Geitje

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Ghosting has nothing to do with bitrate...
Thanks for your reply. I understand It relates to light exposure to the lens and not much to bitrate. Wil a lower FPS then also decrease the ghosting of moving objects? I read here the 3D noise reduction also involves the ghosting?

Anyhow: the bitrate remains an issue with moving objects: this camera can do FPS 30 in 4K, image quality would be lot better in higher bitrates. See also first post in current topic, blocky artifacts appear on moving objects when using lower bitrates. Why not give the user the option of higher bitrates, when the camera is capable? We know it kan handle at least 15K bitrate.
 

carteriii

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I understand It relates to light exposure to the lens and not much to bitrate. Wil a lower FPS then also decrease the ghosting of moving objects?

Anyhow: the bitrate remains an issue with moving objects:. . .
No, a lower FPS will not help. If you cannot get a fast enough shutter speed to eliminate the ghosting or "motion blur", then changing FPS will simple give you more or fewer blurry images.

You say you "understand it relates to light exposure", but then you ask whether FPS will change and then say, "the bitrate remains an issue with moving objects." It doesn't sound like you really do understand the difference so let me try again.

Bitrate doesn't help motion blur. Bitrate is more a control over the overall quality of whatever the lens sees AFTER the image has been captured through the lens. Think of it like compression on a jpeg image. When you lower the overall quality (through bitrate or jpeg compression), that loss of quality is different than motion blur/ghosting. You definitely want a high enough bitrate for a quality image, but bitrate cannot fix an image which is bad to begin with due to a slow shutter speed that results in motion blur.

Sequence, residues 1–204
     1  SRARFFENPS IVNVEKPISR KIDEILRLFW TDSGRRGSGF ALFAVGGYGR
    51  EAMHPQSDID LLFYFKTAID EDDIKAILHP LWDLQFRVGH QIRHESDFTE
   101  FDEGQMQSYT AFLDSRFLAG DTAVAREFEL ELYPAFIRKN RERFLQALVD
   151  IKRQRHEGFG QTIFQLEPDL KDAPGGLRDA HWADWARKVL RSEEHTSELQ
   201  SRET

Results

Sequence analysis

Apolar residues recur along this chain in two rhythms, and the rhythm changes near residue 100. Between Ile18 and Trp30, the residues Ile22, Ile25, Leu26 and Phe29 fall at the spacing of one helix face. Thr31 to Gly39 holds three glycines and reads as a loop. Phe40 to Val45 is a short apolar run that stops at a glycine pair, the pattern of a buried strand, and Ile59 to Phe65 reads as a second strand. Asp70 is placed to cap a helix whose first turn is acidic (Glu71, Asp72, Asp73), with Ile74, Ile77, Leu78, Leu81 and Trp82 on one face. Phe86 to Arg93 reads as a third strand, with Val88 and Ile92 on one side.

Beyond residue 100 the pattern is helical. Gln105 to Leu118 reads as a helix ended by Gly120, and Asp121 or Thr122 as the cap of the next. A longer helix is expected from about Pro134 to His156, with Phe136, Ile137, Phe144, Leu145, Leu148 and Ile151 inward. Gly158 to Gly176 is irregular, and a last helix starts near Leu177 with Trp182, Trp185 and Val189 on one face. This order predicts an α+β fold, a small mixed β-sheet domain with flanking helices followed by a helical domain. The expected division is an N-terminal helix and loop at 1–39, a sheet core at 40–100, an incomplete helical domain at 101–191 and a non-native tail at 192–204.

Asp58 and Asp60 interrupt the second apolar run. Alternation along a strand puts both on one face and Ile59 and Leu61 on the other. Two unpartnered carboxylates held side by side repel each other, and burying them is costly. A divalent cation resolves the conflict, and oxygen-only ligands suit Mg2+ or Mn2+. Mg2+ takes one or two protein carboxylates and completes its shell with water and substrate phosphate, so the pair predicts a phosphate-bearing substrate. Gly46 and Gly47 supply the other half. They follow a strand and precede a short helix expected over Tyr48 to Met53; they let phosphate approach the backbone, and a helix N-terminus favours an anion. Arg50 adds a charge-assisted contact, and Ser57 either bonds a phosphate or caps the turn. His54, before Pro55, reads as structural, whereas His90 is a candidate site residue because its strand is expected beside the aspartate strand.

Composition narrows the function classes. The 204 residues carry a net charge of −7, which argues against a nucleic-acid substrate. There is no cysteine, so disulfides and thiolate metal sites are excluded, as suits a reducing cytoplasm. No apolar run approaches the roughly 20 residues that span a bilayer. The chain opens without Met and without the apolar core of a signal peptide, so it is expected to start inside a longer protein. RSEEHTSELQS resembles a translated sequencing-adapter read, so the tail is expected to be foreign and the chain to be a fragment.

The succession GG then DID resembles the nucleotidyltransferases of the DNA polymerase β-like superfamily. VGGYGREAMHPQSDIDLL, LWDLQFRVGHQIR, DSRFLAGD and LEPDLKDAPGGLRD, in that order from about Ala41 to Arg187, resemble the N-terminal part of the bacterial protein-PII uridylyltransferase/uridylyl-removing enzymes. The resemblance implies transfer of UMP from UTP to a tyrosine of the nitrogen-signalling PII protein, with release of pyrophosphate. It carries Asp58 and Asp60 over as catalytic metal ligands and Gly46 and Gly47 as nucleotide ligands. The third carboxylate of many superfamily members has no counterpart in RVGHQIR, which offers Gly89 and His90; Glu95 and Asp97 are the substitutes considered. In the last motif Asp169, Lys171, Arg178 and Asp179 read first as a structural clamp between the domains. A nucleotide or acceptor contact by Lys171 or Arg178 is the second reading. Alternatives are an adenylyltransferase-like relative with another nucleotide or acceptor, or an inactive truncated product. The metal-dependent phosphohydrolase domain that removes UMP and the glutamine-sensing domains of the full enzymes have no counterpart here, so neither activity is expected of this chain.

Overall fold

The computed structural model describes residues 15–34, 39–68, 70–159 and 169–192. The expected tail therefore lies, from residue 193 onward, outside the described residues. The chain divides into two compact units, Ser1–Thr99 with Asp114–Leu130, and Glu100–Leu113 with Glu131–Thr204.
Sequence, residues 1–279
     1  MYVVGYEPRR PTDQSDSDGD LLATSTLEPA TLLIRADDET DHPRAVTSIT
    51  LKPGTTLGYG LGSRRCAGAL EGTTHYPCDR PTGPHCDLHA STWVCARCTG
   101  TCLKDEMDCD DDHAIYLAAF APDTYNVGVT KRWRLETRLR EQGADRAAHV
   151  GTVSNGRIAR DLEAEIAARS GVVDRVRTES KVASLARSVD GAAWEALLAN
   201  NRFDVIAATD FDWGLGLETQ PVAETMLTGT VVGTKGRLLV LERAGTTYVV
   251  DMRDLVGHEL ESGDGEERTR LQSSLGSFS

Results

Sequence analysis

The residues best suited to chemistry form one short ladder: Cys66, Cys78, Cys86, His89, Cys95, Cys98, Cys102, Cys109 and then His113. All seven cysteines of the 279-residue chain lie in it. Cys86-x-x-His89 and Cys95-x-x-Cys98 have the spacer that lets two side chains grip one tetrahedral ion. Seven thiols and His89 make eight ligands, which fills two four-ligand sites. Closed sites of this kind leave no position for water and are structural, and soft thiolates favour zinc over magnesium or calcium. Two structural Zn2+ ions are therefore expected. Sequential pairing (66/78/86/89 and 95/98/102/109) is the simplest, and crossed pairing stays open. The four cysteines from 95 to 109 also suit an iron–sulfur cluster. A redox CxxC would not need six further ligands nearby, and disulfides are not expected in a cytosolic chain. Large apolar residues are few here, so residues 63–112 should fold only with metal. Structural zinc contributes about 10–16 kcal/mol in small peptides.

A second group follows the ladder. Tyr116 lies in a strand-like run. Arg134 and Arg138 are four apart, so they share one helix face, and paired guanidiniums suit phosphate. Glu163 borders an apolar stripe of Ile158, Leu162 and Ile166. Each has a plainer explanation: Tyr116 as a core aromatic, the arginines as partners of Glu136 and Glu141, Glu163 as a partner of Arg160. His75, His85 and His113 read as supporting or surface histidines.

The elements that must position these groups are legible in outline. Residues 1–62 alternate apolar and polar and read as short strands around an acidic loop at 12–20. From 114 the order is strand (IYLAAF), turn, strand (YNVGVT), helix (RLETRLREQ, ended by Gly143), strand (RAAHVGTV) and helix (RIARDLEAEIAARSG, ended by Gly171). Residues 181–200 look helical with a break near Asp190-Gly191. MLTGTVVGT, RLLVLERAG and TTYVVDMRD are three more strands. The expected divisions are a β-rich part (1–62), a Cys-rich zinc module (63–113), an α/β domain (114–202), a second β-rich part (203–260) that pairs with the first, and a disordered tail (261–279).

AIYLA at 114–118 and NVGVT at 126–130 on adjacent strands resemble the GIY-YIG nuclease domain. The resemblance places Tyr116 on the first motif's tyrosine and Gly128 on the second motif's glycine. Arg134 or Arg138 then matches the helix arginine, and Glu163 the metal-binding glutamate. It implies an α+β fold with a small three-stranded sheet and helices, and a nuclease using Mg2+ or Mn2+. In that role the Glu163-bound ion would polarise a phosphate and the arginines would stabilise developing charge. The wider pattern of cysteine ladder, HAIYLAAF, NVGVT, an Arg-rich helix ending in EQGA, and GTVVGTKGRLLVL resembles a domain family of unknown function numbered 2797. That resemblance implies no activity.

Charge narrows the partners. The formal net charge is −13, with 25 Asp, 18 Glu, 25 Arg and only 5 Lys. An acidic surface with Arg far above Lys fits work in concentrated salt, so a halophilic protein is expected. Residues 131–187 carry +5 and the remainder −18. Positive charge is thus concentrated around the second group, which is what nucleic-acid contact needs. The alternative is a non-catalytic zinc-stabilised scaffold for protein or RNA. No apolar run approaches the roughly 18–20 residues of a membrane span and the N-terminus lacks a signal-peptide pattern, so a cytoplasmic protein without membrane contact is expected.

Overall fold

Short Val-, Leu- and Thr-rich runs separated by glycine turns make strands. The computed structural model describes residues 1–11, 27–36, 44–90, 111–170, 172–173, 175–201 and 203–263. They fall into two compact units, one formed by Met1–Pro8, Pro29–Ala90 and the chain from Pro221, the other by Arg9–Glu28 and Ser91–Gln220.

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Geitje

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You say you "understand it relates to light exposure", but then you ask whether FPS will change and then say, "the bitrate remains an issue with moving objects." It doesn't sound like you really do understand the difference so let me try again.
Thanks for your reply and explanation, but I understood correctly I think:). My question regarding FPS comes indeed from shutter speed in photography, where longer exposure time gives a brighter and sharper image. However I did not count for motion which also continues during the longer exposure times (as you point out), and could even result in more blur.

What I mean when relating bitrate to motion picture quality is best explained by quoting from the first post of this thread:
It might sound strange, but the codec efficiency seems to be worse in comparison to 5831. In shadowed areas and on moving objects, blocky artifacts appear. Luckily Dahua has raised the top bitrate in 1831 to over 15mbit/s. At 25fps this is an equivalent for 9mbit/s @ 15fps in 5831. Before firmware update I had an option to set over 50mbit/s in custom mode. However at 30mbit/s I had lot of dropped frames even in live view. Over 40mbit/s there was no image, only black window. After rising the bitrate to 15000kbps the blocky shadows are much reduced but still present. Even 30mbit/s do not resolve the problem, while 5831R-ZE is almost free of such artifacts at 9mbit/s. See the below example.
This means picture quality of moving objects could improve if a higher bitrate is used. However I understand now that this is different from the ghosting which happens in low light conditions. I will barely make any diffence in that sense I see now.

Still, my request to be able to set higher bitrates for a camera which is able to deliver these is valid. It will make difference espacially in detailed images during day. I hope Dahua will make this possible again!